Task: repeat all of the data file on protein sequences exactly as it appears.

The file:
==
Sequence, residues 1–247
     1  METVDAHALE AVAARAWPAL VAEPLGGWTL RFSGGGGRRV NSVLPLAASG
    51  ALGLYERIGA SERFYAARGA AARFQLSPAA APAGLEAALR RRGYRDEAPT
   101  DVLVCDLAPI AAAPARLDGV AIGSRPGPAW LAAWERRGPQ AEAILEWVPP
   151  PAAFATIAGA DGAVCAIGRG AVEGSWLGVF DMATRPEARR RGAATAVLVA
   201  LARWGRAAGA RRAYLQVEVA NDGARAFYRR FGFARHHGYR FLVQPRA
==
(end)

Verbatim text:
Sequence, residues 1–247
     1  METVDAHALE AVAARAWPAL VAEPLGGWTL RFSGGGGRRV NSVLPLAASG
    51  ALGLYERIGA SERFYAARGA AARFQLSPAA APAGLEAALR RRGYRDEAPT
   101  DVLVCDLAPI AAAPARLDGV AIGSRPGPAW LAAWERRGPQ AEAILEWVPP
   151  PAAFATIAGA DGAVCAIGRG AVEGSWLGVF DMATRPEARR RGAATAVLVA
   201  LARWGRAAGA RRAYLQVEVA NDGARAFYRR FGFARHHGYR FLVQPRA